“Usually, we are packing a big pepper during that time,” he said. “It doesn’t normally interfere a lot as we’re not packing off-grade stuff that they’re packing. They won’t have much big pepper then. A lot of it kind of evens out. It may push together a little to where there may be a little bit of an oversupply during that short period.”
While the unfavorable weather has caused late starts for other items, Sheaffer said peppers should start on-time.
Prices for cucumbers were trending higher in late April as problems with some of Florida’s production became apparent.
Georgia’s deal normally begins in mid-May and ends by early July.
Adam Lytch, operations manager for Raleigh, N.C.-based L&M Cos. Inc., which grows and packs pole-grown cucumbers from south Florida and Georgia, quoted $16 for 1 1/9-bushel cartons in late April.
That’s higher than the prices reported by the USDA which in early and mid-April said 1 1/9-bushel cartons of cucumbers from Florida were selling for $14.35-14.85.
Last year in late April, the USDA reported 1 1/9-bushel cartons and crates waxed medium from south and central Florida selling for $20.35-20.85, fair quality for $14.35-16.85; carton 24s for $8-9.
“The market has been kind of low the last couple of weeks, but it has been trending higher,” Lytch said. “There have been some issues in south Florida, where there has been a lot of disease pressure. It’s getting late to be in production in south Florida, which is normally finished up by this time and production moves up north, but everything has been delayed this year.”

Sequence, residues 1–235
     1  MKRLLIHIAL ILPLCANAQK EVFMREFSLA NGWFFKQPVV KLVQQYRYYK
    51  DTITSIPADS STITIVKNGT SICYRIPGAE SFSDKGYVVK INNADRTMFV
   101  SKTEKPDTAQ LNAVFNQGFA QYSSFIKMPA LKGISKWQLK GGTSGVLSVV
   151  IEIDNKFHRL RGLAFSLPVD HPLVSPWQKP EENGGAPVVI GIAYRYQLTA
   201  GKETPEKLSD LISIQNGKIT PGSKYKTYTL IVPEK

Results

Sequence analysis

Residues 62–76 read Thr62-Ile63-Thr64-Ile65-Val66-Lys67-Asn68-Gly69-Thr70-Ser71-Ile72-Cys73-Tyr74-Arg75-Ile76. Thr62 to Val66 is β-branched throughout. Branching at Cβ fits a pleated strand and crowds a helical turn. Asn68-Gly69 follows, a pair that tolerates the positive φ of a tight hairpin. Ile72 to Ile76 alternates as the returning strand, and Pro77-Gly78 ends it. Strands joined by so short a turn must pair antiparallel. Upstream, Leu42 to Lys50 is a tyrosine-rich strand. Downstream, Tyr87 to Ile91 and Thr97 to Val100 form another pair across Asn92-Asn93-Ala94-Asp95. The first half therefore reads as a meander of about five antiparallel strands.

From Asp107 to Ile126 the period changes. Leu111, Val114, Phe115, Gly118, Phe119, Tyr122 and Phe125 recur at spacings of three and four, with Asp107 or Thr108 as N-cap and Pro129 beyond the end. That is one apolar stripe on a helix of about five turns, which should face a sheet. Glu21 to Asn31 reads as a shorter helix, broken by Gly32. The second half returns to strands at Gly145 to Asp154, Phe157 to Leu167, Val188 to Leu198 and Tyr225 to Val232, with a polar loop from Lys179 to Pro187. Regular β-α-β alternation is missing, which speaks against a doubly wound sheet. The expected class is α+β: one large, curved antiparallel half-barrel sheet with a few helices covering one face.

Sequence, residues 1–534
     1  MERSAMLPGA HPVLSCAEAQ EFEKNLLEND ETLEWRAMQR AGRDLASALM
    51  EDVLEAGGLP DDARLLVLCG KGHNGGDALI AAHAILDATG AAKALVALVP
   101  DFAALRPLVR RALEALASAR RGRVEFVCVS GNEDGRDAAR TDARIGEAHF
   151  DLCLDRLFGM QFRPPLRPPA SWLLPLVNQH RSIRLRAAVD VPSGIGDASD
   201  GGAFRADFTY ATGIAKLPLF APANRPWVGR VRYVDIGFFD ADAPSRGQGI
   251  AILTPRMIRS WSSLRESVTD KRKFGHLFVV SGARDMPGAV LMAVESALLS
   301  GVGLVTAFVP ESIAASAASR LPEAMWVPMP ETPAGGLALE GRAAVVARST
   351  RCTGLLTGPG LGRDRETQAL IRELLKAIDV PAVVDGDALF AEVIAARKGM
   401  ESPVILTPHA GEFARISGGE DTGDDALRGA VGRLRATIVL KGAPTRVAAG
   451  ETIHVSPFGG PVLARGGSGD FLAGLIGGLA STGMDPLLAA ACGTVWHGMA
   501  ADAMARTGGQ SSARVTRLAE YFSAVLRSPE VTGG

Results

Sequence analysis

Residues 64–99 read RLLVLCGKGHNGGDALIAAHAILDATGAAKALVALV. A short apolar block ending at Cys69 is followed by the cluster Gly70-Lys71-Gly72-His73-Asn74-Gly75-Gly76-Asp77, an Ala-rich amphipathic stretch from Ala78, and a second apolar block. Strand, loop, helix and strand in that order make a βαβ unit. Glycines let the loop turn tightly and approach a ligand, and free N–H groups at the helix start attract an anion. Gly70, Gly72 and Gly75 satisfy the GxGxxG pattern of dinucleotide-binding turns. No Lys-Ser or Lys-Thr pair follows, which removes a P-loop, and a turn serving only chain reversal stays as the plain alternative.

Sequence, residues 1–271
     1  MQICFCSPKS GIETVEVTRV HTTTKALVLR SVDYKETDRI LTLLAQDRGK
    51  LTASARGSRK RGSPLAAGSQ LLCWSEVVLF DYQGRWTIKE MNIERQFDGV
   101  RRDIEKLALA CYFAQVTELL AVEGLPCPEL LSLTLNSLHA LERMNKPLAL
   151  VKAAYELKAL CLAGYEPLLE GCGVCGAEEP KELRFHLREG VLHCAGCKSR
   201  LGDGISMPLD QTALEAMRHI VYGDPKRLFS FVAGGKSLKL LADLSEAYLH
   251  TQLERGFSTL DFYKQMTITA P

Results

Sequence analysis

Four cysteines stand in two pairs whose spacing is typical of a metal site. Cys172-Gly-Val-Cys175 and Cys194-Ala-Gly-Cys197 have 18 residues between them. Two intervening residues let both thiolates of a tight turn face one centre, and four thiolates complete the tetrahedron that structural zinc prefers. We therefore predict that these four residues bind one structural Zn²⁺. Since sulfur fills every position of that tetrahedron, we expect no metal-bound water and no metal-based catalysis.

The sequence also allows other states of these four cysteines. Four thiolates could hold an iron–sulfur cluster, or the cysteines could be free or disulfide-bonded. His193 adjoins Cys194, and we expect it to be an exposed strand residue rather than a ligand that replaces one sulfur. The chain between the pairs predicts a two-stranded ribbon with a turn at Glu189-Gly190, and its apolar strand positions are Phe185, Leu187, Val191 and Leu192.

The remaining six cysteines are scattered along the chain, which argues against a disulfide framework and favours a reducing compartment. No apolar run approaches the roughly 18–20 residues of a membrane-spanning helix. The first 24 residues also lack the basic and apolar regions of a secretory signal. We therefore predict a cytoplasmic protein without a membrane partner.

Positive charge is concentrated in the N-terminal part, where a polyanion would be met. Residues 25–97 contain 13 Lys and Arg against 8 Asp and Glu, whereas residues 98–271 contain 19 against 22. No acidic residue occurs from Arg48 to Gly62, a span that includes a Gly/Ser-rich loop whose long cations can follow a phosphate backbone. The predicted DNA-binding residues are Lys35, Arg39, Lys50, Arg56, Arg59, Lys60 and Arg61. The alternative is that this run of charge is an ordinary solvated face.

Lytch said L&M had some cucumbers planted in south Florida that normally require 55 days to make a crop. Because of the colder-than-normal winter and early spring this year, however, those plantings took 90 days, he said.
Jon Schwalls, director of operations for Southern Valley Fruit & Vegetable Inc., Norman Park, Ga., said cucumber movement stalled a little after Easter in early April but began picking up in late April.
“Movement is good now,” he said in late April. “Prices are beginning to tighten after stalling.”
Schwalls quoted $16-18 for cartons of supers.
He said an unexpected early cold snap that struck in mid-October prematurely cut off Georgia’s fall crop. The fall deal normally runs through late November.